The partnership between TVE and Wolo TV has the goal of bringing content that makes the black community visible to people in Bahia. This is big news because, although Bahia is known for having one of the largest black populations in all of Brazil, one would never know it judging from its television programming. As Globo TV journalist Luana Assiz said in 2019, “people aren’t used to seeing black people on TV.” Assiz is the weathergirl on the Globo TV affiliate in Bahia.  Let us not forget the controversy that emerged with the 2018 Globo TV novela Segundo Sol, which was based in Bahia but featured few black actors in the cast.

This issue is no secret. Licínio recently told Forbes Brasil magazine that his venture, WOLO emerged, basically, due a lack of opportunities.

“WOLO began in the pain that many black people feel in the audiovisual market; they’re ready to work, but there is no industry to allocate them.”

This is the reason why seeing the moves WOLO is making is so exciting. With an initial investment of BRL 1.2 million, WOLO TV IS off and running. Over the next six months, the platform will have more than 50 pieces of content produced by black professionals in Brazil available for free.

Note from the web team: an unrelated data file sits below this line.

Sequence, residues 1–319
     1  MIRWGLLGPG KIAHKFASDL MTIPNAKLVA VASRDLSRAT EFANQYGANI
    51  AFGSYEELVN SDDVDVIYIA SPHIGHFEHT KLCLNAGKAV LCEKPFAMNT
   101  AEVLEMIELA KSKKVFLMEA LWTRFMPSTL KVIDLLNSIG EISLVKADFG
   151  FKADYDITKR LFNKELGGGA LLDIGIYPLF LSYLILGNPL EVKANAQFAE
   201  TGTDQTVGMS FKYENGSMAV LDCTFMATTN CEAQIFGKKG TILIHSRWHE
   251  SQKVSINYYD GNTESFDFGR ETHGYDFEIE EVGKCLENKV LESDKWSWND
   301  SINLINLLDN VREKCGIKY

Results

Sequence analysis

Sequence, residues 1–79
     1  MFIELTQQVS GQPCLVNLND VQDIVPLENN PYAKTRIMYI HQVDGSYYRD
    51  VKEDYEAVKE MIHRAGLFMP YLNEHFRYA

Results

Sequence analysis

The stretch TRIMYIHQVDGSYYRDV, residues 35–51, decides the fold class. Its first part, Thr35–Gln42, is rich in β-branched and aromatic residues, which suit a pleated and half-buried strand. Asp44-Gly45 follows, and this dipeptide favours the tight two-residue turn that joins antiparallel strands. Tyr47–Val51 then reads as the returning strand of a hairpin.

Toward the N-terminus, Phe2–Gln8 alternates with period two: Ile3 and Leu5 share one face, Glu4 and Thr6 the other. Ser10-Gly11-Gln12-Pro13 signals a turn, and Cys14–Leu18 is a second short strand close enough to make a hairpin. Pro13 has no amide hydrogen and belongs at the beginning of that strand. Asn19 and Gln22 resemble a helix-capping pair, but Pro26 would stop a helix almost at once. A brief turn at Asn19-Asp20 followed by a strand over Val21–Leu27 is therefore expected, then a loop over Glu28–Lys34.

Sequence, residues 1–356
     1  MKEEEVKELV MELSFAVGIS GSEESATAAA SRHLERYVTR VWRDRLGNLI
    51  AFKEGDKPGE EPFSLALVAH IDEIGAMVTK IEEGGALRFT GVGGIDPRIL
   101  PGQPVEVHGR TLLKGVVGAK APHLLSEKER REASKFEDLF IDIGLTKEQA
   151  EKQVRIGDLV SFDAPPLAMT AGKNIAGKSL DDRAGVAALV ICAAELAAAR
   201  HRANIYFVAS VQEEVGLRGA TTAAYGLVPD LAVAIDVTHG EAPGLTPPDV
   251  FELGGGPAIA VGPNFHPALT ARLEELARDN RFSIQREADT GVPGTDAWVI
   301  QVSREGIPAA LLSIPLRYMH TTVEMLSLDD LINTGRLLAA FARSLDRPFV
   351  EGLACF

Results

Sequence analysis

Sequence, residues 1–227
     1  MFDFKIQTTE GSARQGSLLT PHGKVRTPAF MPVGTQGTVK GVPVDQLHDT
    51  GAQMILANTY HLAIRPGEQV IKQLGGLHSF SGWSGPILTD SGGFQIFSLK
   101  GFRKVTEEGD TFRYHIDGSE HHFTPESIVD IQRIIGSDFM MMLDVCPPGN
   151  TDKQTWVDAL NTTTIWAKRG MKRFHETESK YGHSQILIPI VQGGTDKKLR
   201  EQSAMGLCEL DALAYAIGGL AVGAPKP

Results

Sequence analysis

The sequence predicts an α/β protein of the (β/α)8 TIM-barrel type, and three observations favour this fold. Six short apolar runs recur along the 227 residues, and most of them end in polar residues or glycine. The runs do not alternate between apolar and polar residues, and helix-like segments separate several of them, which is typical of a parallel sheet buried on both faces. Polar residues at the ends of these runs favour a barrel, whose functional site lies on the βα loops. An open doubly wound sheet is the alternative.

‘Casa da Vó’ and ‘Punho Negro’, two series featured on the WOLO TV streaming platform

But one important question always remains. Brazil’s media doesn’t seem to have a problem showing films and tv series that present successful, middle class black people if it comes from the United States. When I first arrived in São Paulo in 2012, I lost count how many times I saw Murphy’s first Coming to America film being shown on a Brazilian television network. And as numerous examples have shown over the years, Brazilians love American television series and sitcoms starring black families and black protagonists. So why are there no Brazilian programs that feature Afro-Brazilian families as protagonists?